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Fred Leitz ’40

July 4, 2014, in Tacoma, Washington.

Fred’s father, a German-born florist living in New York City, had always wanted to see the legendary Columbia River. Eventually he brought his family west and opened a greenhouse in Clackamas, Oregon, where a high school teacher sparked Fred’s interest in chemistry, and Fred was given a scholarship to Reed when he was 15 years old.

“At the time, I didn’t recognize quite how good the professors were,” Fred said. “In retrospect, they were spectacular. When you study mathematics under Frank Loxley Griffin [mathematics 1911–56], you recognize you’re dealing with an outstanding teacher.  Same with Arthur Scott [chemistry 1923–79], Walter Carmody [chemistry 1926–41] and Lawrence Griffin [biology 1920–45]. It was nice to be working with what I subsequently recognized were really giants in their fields.”

Mathematics was his favorite subject, but he explained, “I was naïve. I didn’t see who would employ mathematicians. It seemed to be you had two job prospects if you majored in mathematics—to become a teacher or an actuary—and I had no desire to work for an insurance company.”

He went with his second choice—chemistry—and wrote his thesis, “A Study of the Nephelometric Atomic Weight Endpoint,” with Prof. Scott. Fred understood that the thesis was a way for the faculty to get to know students better and perhaps give them a leg up in their future careers.

A great mentor at Reed was Charles Botsford [director of physical education 1912–52], who introduced Fred to squash. Fred also participated on the track team as a javelin thrower and held the record for the longest distance throw.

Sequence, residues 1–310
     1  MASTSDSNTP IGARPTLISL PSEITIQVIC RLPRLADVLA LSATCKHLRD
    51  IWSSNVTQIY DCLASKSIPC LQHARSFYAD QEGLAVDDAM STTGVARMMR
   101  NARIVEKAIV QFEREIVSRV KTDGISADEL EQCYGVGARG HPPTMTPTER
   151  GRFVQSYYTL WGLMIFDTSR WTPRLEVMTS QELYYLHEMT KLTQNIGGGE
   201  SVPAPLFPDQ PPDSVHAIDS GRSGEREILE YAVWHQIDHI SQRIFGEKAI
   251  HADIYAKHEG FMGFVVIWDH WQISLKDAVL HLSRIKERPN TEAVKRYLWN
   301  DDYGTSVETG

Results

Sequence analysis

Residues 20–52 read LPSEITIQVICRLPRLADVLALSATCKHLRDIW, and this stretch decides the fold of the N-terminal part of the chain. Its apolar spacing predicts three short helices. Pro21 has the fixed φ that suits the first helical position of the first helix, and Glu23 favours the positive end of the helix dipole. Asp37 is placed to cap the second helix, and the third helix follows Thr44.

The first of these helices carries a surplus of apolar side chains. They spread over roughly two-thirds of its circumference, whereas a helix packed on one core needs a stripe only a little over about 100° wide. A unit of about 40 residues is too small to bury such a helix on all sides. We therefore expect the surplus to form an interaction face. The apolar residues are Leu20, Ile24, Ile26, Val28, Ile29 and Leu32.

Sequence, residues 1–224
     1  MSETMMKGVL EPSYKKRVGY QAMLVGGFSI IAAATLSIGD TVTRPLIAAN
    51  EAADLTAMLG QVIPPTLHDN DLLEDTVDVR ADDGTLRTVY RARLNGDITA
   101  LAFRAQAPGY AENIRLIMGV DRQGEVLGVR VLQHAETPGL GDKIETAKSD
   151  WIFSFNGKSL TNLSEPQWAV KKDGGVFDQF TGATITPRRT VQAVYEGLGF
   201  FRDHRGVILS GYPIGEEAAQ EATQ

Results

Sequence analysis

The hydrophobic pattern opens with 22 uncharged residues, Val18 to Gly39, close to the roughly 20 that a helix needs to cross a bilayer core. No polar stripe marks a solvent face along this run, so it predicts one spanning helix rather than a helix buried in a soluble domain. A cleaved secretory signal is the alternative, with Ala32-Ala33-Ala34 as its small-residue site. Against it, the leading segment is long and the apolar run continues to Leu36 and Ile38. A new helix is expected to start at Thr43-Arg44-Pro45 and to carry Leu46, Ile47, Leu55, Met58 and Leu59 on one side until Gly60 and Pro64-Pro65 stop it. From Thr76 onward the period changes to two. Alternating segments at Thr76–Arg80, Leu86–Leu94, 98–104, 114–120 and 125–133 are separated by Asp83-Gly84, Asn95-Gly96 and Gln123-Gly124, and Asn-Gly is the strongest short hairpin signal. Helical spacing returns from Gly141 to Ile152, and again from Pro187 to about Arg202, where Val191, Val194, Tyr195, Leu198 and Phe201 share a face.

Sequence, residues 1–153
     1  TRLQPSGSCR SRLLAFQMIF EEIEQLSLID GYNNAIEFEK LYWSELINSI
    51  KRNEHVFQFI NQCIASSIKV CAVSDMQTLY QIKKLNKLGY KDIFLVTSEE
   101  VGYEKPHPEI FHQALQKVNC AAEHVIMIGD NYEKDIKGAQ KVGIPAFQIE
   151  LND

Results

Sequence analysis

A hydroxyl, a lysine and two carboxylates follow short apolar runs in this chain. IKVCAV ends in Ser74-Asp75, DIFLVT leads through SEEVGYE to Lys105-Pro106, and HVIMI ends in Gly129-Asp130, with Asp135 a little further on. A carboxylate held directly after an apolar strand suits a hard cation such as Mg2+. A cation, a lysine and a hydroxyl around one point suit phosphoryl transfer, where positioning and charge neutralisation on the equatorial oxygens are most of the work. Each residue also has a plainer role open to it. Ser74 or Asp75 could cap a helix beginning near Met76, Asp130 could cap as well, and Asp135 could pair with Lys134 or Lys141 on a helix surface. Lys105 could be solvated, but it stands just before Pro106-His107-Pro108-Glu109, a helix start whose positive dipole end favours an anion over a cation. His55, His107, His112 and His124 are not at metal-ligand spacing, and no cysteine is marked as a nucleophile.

“Reed didn’t really have a track team,” he explained. “I think Botsford would call a friend—perhaps at one of the small schools in the Willamette Valley—and say, ‘It’s a nice day; let’s have a meet.’ That’s the way sports were at Reed—kind of pure.”  

Younger and smaller than most of his classmates, Fred also played eight-man football in games that pitted Reed players against local high schools.

“I’m sure it wasn’t the high school varsity team,” he mused. “It must have been some jerry-rigged, eight-man team. The high school kids would come over and beat up on us.”

When it came time to consider a graduate school, Prof. Scott, who was head of the chemistry department, recommended a number of schools, including UC Berkeley, which offered Fred a teaching assistantship.

“A lot of success at getting the appointments to graduate school was the result of school reputation,” Fred said. “At Reed, we didn’t have GPAs. We had a 1 to 10 grading system on a Gaussian curve, with 1 being the highest, 10 the lowest. Nobody got ones, two was an extremely high grade. And you didn’t talk about grade point averages. But it didn’t take long to note who the smarter students were.”

At UC, Fred majored in physical chemistry and while at the university was assigned to work on the Manhattan Project. One of the youngest students to earn a PhD in chemistry from that university at the age of 22, he went on to a successful career, working to produce safe nuclear power.

In his community, Fred served as president of the PTA, commissioner and coach of the Little League, troop leader of the Boy Scouts, and chairman of the United Way. He spent his long retirement surrounded by his family and his garden. Every year, he and his wife, Katie, funded a full scholarship for a student to attend he culinary arts program at South Seattle College. He fitted children with bicycle helmets and long after his 80th birthday tutored math in the Puyallup schools. By any measure, his was a long and happy life. His wife,  Katie, died in 2018. Fred is survived by his three sons, Fred, Robert, and Steven.

Appeared in Reed magazine: June 2019

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